Times Square on New Year’s to be ‘safest place in the world’
With the nation still jittery over shooting massacres in California and Paris, New York City officials sought to assure revelers Tuesday that the New Year's Eve celebration in Times Square will be the safest place in the world -- heavily secured by thousands of New York Police Department officers, including a new specialized counterterrorism unit.
"Leave the worrying to the NYPD," said James O'Neill, chief of the department. "People should feel safest this New Year's Eve because we're there."
Police Commissioner William Bratton said there were no credible threats to the city ahead of the holiday. Yet officials also acknowledged that there were limits to what they could do to ensure security, especially outside the tightly controlled blocks at the heart of the celebration. In much of the city, the focus will be on fast responses to any emergency rather than preventive measures like security checkpoints.
"The ability to protect everything all the time everywhere is not possible in any venue anywhere in the world," Bratton said Tuesday at a news conference in Times Square.
About 1 million people are expected to pack the blocks around Times Square to watch the 11,875-pound Waterford crystal ball drop. Partygoers trying to get close enough to see and hear the musical acts that perform throughout the evening will be screened with hand-held metal detectors twice -- once when they enter one of the 14 access points to the secure zone and once when they enter pens where they must stay lest they lose their spots.
Outside that zone, revelers and vehicles can come and go as they please.
Nearly 6,000 officers will be assigned to the festivities. Visitors will see heavily armed counterterrorism teams and bomb-sniffing dogs. Rooftop patrols and NYPD helicopters will keep an eye on the crowd, and plainclothes officers will blend in with revelers. Newly graduated officers will take part.
"On New Year's Eve, the department will be out in force," Mayor Bill de Blasio said. "There will be a tremendous number of officers you will see and many you won't see."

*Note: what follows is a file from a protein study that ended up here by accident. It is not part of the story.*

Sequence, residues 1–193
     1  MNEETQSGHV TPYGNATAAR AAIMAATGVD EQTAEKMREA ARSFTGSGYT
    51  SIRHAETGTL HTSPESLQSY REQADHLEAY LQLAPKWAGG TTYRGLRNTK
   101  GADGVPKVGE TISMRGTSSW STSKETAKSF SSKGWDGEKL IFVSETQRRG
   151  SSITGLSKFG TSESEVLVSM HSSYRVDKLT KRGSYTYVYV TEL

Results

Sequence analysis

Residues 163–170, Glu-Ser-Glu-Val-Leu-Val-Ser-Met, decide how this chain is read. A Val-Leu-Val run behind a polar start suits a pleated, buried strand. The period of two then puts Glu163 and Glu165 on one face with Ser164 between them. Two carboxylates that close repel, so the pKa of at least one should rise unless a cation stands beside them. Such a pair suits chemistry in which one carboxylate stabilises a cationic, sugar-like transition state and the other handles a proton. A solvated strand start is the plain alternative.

The bomb squad and a unit specializing in chemical and biological threats will sweep hotels, theaters, construction sites and parking garages. They also will patrol the Times Square subway station, and certain exits will be blocked off. The NYPD will rely on a network of thousands of closed-circuit security cameras blanketing lower Manhattan, parts of midtown Manhattan and the subway system. About 20,000 smartphones were handed out to officers this year that will allow police to quickly transmit information on potential threats.
"New Year's Eve in New York City will be the safest place in the world to be," said Chief James Waters, head of the counterterrorism unit.
And this year, a specialized counterterrorism unit of 500 highly trained officers will be deployed to respond to any emergency.
The unit was first formed after attacks in January at the French satirical weekly Charlie Hebdo. Bratton said the department is constantly evolving based on new information as well as the recent attacks in Paris and San Bernardino, California.
Carrie Underwood, Luke Bryan, Wiz Khalifa, Charlie Puth and Demi Lovato are among the musical guests schedule to perform this year. When the clock strikes midnight and the ball drops, so will 1 ton of confetti -- scraps of paper with well wishes for the upcoming year.
After the show, sanitation crews will get to work cleaning up from the celebration, working through the night to dispose of an estimated 50 tons of garbage, including confetti, party hats and other leftovers from the revelry.
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